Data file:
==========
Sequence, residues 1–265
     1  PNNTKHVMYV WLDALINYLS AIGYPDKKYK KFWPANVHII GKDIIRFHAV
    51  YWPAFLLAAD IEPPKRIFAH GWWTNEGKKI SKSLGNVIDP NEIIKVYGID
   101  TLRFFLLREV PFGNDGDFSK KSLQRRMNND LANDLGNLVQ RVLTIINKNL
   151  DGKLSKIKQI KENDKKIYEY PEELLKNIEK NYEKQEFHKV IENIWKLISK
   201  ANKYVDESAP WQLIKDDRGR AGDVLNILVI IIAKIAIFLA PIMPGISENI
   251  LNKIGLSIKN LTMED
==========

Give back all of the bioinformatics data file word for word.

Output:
Sequence, residues 1–265
     1  PNNTKHVMYV WLDALINYLS AIGYPDKKYK KFWPANVHII GKDIIRFHAV
    51  YWPAFLLAAD IEPPKRIFAH GWWTNEGKKI SKSLGNVIDP NEIIKVYGID
   101  TLRFFLLREV PFGNDGDFSK KSLQRRMNND LANDLGNLVQ RVLTIINKNL
   151  DGKLSKIKQI KENDKKIYEY PEELLKNIEK NYEKQEFHKV IENIWKLISK
   201  ANKYVDESAP WQLIKDDRGR AGDVLNILVI IIAKIAIFLA PIMPGISENI
   251  LNKIGLSIKN LTMED